Indian hockey team can win an Olympic gold medal in 2028, says former high-performance director David John

The Indian hockey team is well poised to win a gold medal at the 2028 Olympics, feels former India’s high-performance director David John.

The former high-performance director, on the sidelines of the Khelo India Youth Games, said the team would have had enough experience to absorb any kind of pressure to gun for glory.

“In the 2024 and 2028 Games, most in the squad will be our current junior World Cup players. They would have played close to 300 internationals together by then and would be about 30 years each,” David John said.

India has shown signs of a heart-warming resurgence, with the men winning bronze and the women finishing a valiant fourth in the Tokyo Games recently.

“These are exciting times for India but many squads – including Germany, Australia, Belgium and Holland – are also getting better,” David said.

David John excited on new Indian hockey role

David, who was with the Indian team for several years before resigning, is back in the country as Odisha’s Director of Hockey. He is excited about his assignment, especially as he has the complete support of the sport-loving Chief Minister of Odisha, Naveen Patnaik.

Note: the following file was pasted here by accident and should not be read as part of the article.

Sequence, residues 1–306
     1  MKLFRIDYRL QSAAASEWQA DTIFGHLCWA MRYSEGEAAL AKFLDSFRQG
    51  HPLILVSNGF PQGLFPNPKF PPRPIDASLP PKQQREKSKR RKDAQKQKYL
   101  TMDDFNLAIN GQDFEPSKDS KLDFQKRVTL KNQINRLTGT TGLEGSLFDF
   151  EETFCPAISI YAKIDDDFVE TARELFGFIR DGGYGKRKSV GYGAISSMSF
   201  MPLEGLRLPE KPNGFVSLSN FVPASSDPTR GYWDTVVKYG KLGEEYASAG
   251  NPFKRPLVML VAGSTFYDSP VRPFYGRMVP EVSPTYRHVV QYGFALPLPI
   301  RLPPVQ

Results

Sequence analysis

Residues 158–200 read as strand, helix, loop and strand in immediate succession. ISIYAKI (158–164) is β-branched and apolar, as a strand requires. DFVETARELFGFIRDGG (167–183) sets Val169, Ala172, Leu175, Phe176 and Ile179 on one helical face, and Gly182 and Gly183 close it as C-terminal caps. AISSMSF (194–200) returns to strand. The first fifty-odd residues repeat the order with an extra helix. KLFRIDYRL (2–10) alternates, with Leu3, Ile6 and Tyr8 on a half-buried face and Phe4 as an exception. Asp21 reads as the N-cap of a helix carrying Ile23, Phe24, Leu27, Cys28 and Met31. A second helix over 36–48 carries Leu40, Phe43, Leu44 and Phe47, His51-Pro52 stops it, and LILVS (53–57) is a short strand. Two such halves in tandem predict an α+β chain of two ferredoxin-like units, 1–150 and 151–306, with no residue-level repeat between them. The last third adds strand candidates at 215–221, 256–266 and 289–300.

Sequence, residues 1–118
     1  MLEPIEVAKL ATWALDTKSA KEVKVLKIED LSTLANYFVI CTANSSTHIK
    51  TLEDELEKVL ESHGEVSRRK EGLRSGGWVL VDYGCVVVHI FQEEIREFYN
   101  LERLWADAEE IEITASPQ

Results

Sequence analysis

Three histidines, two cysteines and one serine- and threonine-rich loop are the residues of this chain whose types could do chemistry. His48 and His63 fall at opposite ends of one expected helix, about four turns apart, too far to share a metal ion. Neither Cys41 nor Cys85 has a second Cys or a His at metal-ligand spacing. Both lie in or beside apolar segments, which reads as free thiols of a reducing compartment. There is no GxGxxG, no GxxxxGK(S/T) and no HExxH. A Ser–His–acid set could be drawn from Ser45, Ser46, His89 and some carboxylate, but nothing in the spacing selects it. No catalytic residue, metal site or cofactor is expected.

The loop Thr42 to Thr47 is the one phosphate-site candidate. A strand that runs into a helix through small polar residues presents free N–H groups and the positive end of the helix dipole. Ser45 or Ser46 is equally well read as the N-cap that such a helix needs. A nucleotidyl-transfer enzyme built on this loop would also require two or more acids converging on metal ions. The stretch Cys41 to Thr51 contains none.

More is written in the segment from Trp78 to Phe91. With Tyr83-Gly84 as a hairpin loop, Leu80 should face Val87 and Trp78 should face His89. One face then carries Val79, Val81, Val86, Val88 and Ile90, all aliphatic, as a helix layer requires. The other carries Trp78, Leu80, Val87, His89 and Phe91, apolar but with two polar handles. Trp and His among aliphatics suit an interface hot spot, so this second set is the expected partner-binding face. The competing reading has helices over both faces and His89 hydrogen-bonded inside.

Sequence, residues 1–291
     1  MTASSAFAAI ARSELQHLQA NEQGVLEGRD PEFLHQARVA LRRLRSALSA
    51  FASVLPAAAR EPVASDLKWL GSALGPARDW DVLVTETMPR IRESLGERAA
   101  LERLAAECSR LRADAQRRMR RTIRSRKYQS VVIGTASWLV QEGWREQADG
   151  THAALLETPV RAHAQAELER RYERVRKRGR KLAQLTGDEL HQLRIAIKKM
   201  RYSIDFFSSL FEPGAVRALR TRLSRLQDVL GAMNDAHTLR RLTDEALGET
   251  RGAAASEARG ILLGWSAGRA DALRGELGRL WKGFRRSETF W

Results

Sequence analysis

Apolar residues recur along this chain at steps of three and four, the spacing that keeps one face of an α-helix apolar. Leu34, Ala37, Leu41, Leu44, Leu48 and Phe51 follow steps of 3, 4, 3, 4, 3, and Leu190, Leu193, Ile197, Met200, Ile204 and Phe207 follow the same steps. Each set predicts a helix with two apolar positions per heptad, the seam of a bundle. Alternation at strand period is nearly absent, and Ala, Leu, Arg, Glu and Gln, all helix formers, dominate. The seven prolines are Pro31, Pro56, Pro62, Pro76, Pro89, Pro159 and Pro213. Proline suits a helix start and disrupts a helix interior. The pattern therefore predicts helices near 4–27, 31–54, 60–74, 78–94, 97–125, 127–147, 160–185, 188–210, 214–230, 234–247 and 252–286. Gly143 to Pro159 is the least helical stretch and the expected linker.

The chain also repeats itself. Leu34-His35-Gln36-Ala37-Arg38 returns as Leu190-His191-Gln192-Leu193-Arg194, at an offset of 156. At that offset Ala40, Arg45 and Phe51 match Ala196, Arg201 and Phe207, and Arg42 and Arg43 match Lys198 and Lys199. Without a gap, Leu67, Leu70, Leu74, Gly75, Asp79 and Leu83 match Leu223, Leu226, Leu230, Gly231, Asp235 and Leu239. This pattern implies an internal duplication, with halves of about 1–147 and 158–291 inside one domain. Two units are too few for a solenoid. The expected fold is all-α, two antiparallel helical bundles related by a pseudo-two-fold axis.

“It is a challenging role. But if Odisha becomes strong, Indian hockey becomes strong, both in men and women,” he explained.

In pursuit of this goal, Odisha is already building 20 more synthetic turfs in the deepest pockets of the state, where extreme poverty co-exists with an abundance of natural talent.

“Soon, our kids will play on synthetics and not on grass from the grassroots level itself. Our next step is to put good coaches in place on each of these new turfs so that they receive the best coaching at the grassroots level itself. In eight years, you will see a different Odisha in the sport, and hopefully a different India,” he explained.

The much-respected Australian expressed amazement at the dribbling skills of the Indians but insisted that they needed to sacrifice them to become a world force again.

“Don’t try to dribble past your opponents. Modern sport is all about 3D and aerial skills. Fortunately, these youngsters have all imbibed these skills. Our players are quick and adept at attacking but they lose the ball in the rival D as they run too close to the defenders. Worse, that allows the other side to counter-attack with devastating effect,” David concluded.

Also read: Commonwealth Games 2022: Indian men’s and women’s hockey schedule, date and timings, Coaches speak ahead of action packed year

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